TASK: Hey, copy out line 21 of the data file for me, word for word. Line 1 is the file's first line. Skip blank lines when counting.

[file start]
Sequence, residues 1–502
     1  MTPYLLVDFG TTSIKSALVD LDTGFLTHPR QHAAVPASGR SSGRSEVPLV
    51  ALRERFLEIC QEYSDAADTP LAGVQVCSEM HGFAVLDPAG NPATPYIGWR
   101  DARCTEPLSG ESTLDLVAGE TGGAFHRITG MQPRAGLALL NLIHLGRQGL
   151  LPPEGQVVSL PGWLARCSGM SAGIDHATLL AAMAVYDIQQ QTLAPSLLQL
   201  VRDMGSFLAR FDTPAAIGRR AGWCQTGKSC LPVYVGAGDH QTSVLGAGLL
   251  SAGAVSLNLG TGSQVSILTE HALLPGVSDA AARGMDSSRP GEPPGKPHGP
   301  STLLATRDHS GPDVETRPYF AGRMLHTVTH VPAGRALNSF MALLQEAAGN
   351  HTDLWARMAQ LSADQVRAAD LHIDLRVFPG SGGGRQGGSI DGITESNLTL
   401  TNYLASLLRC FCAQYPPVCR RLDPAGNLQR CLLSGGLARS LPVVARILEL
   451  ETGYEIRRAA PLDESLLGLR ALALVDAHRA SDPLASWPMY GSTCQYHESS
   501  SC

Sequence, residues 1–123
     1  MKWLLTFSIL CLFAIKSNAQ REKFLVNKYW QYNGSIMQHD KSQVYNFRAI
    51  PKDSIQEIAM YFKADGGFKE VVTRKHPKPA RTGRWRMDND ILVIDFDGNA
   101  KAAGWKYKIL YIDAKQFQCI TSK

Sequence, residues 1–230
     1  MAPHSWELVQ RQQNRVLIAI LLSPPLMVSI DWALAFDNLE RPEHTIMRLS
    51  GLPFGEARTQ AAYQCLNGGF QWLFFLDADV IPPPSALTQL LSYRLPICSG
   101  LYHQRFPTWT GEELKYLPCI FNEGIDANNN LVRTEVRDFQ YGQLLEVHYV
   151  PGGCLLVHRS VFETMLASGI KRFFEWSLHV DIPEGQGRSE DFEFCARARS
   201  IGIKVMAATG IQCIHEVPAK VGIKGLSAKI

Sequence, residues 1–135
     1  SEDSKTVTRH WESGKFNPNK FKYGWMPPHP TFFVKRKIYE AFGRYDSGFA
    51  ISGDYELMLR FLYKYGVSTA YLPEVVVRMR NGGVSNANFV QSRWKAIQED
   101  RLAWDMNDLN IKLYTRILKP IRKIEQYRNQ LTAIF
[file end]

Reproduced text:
   151  PGGCLLVHRS VFETMLASGI KRFFEWSLHV DIPEGQGRSE DFEFCARARS